After having observed the workings of the Griffin-Spalding County School System for a long time, from the outside and now from the inside, I have come to the painful conclusion that many of the people in leadership are simply out of touch.
This latest episode, which I will refer to as the “Swimwear Affair,” has iced this cake over for me.
As your readers know, a teacher filed a complaint against our superintendent, Dr. Curtis Jones, because Dr. Jones made a comment suggesting that he would donate money to see female employees show up at school or to a school charity function dressed in swimwear. The teacher felt this comment was inappropriate, was offended by the comment and filed a complaint under the board’s policy prohibiting harassment. Dr. Jones admitted that he made the comment, that the comment was inappropriate, the he would have apologized to the teacher had he known she was offended, and wished that he could take the comment back.
The school board voted to dismiss the teacher’s complaint on the basis that the comment made by Dr. Jones did not rise to “sexual harassment” as defined by the United States Supreme Court. It is amazing to me that people are trying to convince me, the employees of the school system, and the citizens of this fair county, that the only conduct prohibited by this policy is “sexual harassment,” as defined by the United States Supreme Court.
The board, through its written policy, has defined “harassment.” Nowhere in the policy does it state that “harassment” is limited to sexual harassment, much less sexual harassment as defined by the United States Supreme Court under federal statutes. In fact, our policy specifically states that there are “varied forms” of prohibited harassment. Our definition of “harassment” is much broader than the Supreme Court’s definition of “sexual harassment” as defined under federal law. The board can prohibit, and punish, all kinds of behavior under this policy that may not rise to “sexual harassment” as defined by the Supreme Court.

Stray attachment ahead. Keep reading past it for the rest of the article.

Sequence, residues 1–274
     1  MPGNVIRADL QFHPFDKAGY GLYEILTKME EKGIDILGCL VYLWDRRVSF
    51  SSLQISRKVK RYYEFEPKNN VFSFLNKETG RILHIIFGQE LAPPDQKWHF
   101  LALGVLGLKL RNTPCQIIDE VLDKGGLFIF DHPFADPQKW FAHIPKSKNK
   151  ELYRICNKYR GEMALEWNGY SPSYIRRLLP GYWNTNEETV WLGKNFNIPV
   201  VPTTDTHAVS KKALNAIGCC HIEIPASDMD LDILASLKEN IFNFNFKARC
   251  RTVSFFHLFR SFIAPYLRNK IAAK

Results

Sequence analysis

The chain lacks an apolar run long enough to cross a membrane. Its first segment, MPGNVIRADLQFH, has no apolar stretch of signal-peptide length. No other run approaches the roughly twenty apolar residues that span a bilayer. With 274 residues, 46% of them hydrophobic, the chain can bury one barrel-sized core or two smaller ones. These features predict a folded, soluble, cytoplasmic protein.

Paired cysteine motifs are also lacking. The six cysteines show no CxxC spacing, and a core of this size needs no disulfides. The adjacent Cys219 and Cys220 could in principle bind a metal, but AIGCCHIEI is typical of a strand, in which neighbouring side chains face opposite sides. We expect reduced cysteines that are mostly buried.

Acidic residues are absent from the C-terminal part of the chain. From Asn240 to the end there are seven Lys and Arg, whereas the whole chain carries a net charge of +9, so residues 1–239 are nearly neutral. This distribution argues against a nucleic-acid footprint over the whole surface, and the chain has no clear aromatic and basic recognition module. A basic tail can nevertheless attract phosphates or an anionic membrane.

Let’s suppose that on March 30, 2012, the date of the “Swimwear Affair,” one of the female employees at Kennedy Road Middle School had walked into the office while Dr Jones was present and overheard his offer. This female employee happened to have some swimwear in her car and being in need of $20 to buy some gas, went to her car, put on her swimwear and came back into the office seeking to be paid.
Dr. Jones, being stunned and amazed that his offer could have been taken up so rapidly, refused to pay, stating, “I was just joking, but to keep peace, I will give you $5.”
Unfortunately for the teacher and Dr. Jones, several male employees and male students were standing in the adjacent hallway and witnessed the “Swimwear Affair.” While enjoying the show, these male employees and students were very much offended by the conduct on the part of the teacher and the superintendent. They collectively filed a complaint against the teacher and Dr. Jones, stating that such conduct was offensive, inappropriate and amounted to harassment.
All those who feel that the board would be powerless, under the stated policy, to discipline the teacher and the superintendent in this case unless the board determined that the male employees and students could maintain a federal lawsuit proving sexual harassment as defined by the Supreme Court, please raise your hand.
For me, the manner in which the Griffin-Spalding County School System is being operated is like being in an alien environment. Somebody is out of touch and somebody’s intelligence is being severely questioned.
M. MICHAEL KENDALL
Griffin-Spalding County Board of Education
Editor’s note: The school system’s harassment policy is on pages 38-39 of the 2011-2012 Contractual Employee Handbook and pages 18-19 of the 2011 Classified Employee Handbook, both of which are available online in PDF format at www.spalding.k12.ga.us.